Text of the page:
If I were back in high school and someone asked about my plans, I’d
say that my first priority was to learn what the options were. You
don’t need to be in a rush to choose your life’s work. What you
need to do is discover what you like. You have to work on stuff
you like if you want to be good at what you do.
It might seem that nothing would be easier than deciding what you
like, but it turns out to be hard, partly because it’s hard to get
an accurate picture of most jobs. Being a doctor is not the way
it’s portrayed on TV. Fortunately you can also watch real doctors,
by volunteering in hospitals. 
But there are other jobs you can’t learn about, because no one is
doing them yet. Most of the work I’ve done in the last ten years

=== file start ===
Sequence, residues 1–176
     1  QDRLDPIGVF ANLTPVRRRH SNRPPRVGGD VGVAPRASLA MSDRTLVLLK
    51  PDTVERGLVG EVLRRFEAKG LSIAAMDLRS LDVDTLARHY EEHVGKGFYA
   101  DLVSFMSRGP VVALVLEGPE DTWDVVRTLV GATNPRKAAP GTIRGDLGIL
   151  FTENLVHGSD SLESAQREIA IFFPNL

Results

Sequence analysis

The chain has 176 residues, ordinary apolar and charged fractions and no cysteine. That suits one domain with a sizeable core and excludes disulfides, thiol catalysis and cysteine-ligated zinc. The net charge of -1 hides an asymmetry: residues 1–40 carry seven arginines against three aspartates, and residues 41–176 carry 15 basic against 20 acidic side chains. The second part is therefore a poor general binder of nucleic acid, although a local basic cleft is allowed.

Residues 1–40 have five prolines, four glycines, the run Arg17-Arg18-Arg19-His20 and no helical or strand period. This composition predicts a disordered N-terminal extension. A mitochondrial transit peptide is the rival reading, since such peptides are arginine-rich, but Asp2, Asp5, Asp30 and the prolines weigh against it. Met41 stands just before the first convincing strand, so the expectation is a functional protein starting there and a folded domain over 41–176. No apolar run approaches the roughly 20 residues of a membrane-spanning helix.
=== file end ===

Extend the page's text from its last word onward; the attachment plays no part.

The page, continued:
didn’t exist when I was in high school. The world changes fast,
and the rate at which it changes is itself speeding up. In such a
world it’s not a good idea to have fixed plans.
What they really mean is, don’t get demoralized.
People who’ve done great things tend
to seem as if they were a race apart. And most biographies only
exaggerate this illusion, partly due to the worshipful attitude
biographers inevitably sink into, and partly because, knowing how
the story ends, they can’t help streamlining the plot till it seems
like the subject’s life was a matter of destiny, the mere unfolding
of some innate genius.
We need to cut the Standard Graduation Speech down to, “what someone
else with your abilities can do, you can do; and don’t underestimate
your abilities.” But as so often happens, the closer you get to
the truth, the messier your sentence gets. We’ve taken a nice,
neat (but wrong) slogan, and churned it up like a mud puddle. It
doesn’t make a very good speech anymore. But worse still, it doesn’t
tell you what to do anymore. Someone with your abilities? What